Book review: ‘Dead Wake: The Last Crossing of the Lusitania,’ by Erik Larson
Special to the Daily
World War I, “the war to end all wars,” marked the birth of modern warfare, transforming the battlefield into something unrecognizable. The Great War came as a shock to a world suffering from complacency and from a deep sense of isolationism. Nationalism was rampant across the Western world, and tensions were running deeply beneath the surface.
Best-selling author Erik Larson called the assassination of Archduke Ferdinand “the geopolitical equivalent of a brushfire, and as with all brushfires, all it takes is for someone to blow on it to make the fire burn hotter.” Germany’s Kaiser Wilhelm blew hard, sending his armies into Belgium, thus forcing the military engagement of Britain.
Germany proved to be a terrifying foe, adapting the engineering skills of its brightest minds to craft new methods and machines of destruction — zeppelins, mustard gas and, the most feared and destructive of all, its U-boats. The terror the German submarines unleashed is the subject of Larson’s engrossing new book, “Dead Wake: The Last Crossing of the Lusitania.”
Through meticulous research, Larson takes the Lusitania from its relegated spot on the dusty timeline of World War I and shines a worthy light on all the corners of her storied life and tragic demise. But that is only half of the tale he tells. The book is also rich with gripping details about the infamous U-20, the submarine responsible for the single torpedo that pierced the Lusitania’s side, sending her and more than a thousand innocents to their deaths.
The brazen and heartless act fueled the American public’s disgust with the war and helped to dismantle one of the final barriers keeping President Woodrow Wilson from sending the United States into the battle in support of Britain.
Now, 100 years after the Lusitania sank off the southern Irish coast, taking nearly 1,200 souls with her, Larson reveals the cat-and-mouse game that led to the decisive moment when a series of circumstances and unfortunate timing brought the massive passenger ship into the gunner sights of the submarine captained by the ruthless and tenacious German skipper Walther Schwieger.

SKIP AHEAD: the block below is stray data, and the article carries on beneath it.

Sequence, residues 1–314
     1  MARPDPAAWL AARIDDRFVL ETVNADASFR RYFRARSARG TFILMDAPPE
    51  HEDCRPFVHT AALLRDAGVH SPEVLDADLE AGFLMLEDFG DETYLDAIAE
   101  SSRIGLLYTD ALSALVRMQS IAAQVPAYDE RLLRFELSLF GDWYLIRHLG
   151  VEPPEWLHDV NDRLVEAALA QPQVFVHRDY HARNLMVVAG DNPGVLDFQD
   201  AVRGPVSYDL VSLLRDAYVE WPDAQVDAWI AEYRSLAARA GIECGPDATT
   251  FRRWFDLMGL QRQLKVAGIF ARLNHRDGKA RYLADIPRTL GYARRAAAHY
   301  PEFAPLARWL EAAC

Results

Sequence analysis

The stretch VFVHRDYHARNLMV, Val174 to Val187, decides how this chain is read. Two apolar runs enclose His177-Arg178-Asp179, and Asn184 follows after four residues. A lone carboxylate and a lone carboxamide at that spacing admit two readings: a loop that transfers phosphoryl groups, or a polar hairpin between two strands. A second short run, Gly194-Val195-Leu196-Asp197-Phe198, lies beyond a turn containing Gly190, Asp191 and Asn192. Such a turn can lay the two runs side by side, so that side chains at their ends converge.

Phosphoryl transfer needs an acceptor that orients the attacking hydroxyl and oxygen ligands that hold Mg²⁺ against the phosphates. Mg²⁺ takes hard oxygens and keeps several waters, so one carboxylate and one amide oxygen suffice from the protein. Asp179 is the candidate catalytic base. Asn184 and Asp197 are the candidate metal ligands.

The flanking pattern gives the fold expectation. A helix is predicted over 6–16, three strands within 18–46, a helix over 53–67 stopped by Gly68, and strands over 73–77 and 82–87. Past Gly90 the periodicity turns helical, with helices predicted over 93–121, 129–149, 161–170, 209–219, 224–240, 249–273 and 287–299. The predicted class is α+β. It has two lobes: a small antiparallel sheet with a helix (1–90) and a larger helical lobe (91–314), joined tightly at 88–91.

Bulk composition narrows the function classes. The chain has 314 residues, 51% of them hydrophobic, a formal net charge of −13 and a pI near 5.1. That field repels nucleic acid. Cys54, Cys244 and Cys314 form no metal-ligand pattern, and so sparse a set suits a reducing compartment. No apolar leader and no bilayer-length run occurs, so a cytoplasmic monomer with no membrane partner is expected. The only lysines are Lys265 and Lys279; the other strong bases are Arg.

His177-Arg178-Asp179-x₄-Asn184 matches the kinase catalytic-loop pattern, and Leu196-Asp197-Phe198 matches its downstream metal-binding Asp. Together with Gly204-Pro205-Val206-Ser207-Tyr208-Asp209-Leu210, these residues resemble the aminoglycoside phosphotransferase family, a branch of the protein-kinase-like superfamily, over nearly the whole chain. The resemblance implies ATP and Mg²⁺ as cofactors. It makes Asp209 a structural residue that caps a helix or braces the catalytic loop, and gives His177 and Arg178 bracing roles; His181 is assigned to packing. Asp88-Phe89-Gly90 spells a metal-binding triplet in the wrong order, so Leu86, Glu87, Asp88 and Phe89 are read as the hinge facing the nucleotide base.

U-20 was just one of dozens of subs circling Britain in the early months of the war, but established maritime rules prohibited attacks on civilian vessels, and no one could imagine a nation sinking so low as to attack innocents in such a manner—and the Lusitania carried her share of innocent victims, many of whom were children. There was a confidence, too, that the Lusitania was too fast — the fastest ship in the world — and thus did not really have to worry about strikes from U-boats. The British viewed the ship with immense pride, and she was already a seasoned traveler, having made more than 200 successful Atlantic crossings.
The Cunard shipping line had exceedingly high standards for passenger satisfaction and could boast an impressive safety record. Learning from the Titanic disaster from only a year prior, the Lusitania had been equipped with plenty of life boats and life jackets, though many of the boats were collapsible and the others could only be launched when the ship was at a standstill, which proved to be a vital point in the crucial moments after the torpedo struck.
Larson proceeds to dissect the days and minutes that led to that pivotal moment, revealing fascinating details about the Lusitania’s captain, William Thomas Turner, as well as the lives of many of the passengers who chose to ignore the abstract threat of German submarines and board the ship that fateful spring morning in New York’s harbor. Larson also constructs a concise framework of the larger early 20th century backdrop, with details of the war, in general, including Wilson’s distracted mindset and Britain’s desire to have the United States enter the conflict.
This is where the story becomes most intriguing, for there are many details of the Lusitania’s last voyage that have been shrouded in mystery, most specifically the exact nature of the cargo in its hold. Also, Larson analyzes the motivations of Britain’s leaders and that country’s secret team of code breakers, known collectively as “Room 40,” which is similar to the decoding team portrayed in the recent movie “The Imitation Game,” which documents Alan Turing’s successful cracking of Germany’s Enigma Code in World War II.
For wartime espionage to be successful, a certain level of collateral damage had to be allowed so as not to reveal to the enemy that coded messages were being read. Many believe that the Lusitania served as just that, collateral damage that was sacrificed in order for a best-case scenario outcome (in Britain’s mind, at least) to occur — which was the United States joining the fight.
This, of course, is a very inflammatory view, but it has been the basis of much discussion and debate since the jewel of the Cunard line left port that spring day in 1915. With the Lusitania sailing slowly through Larson’s pages toward its eventual demise, the tension mounts page by page and the reading of “Dead Wake” becomes a very cinematic experience. Those familiar with James Cameron’s epic depiction of the Titanic will find many similarities with this sister ship’s story.
Larson flexes his very capable storytelling muscles and proves that writing a thrilling narrative does not negate careful attention to historical accuracy. “Dead Wake” is deeply engaging, very hard to put down, and Larson’s writing respectfully puts the spotlight back on the tragic story of the Lusitania for its 100th anniversary.
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